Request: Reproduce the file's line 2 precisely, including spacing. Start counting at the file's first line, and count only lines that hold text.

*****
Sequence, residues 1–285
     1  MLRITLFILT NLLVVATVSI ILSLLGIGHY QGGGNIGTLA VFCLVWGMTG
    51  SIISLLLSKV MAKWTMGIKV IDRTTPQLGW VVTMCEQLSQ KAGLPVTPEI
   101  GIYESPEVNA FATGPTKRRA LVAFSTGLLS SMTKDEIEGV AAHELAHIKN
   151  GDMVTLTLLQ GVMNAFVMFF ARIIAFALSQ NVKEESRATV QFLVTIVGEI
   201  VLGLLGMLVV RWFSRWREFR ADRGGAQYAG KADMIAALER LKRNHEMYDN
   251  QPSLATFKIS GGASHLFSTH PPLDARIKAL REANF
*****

     1  MLRITLFILT NLLVVATVSI ILSLLGIGHY QGGGNIGTLA VFCLVWGMTG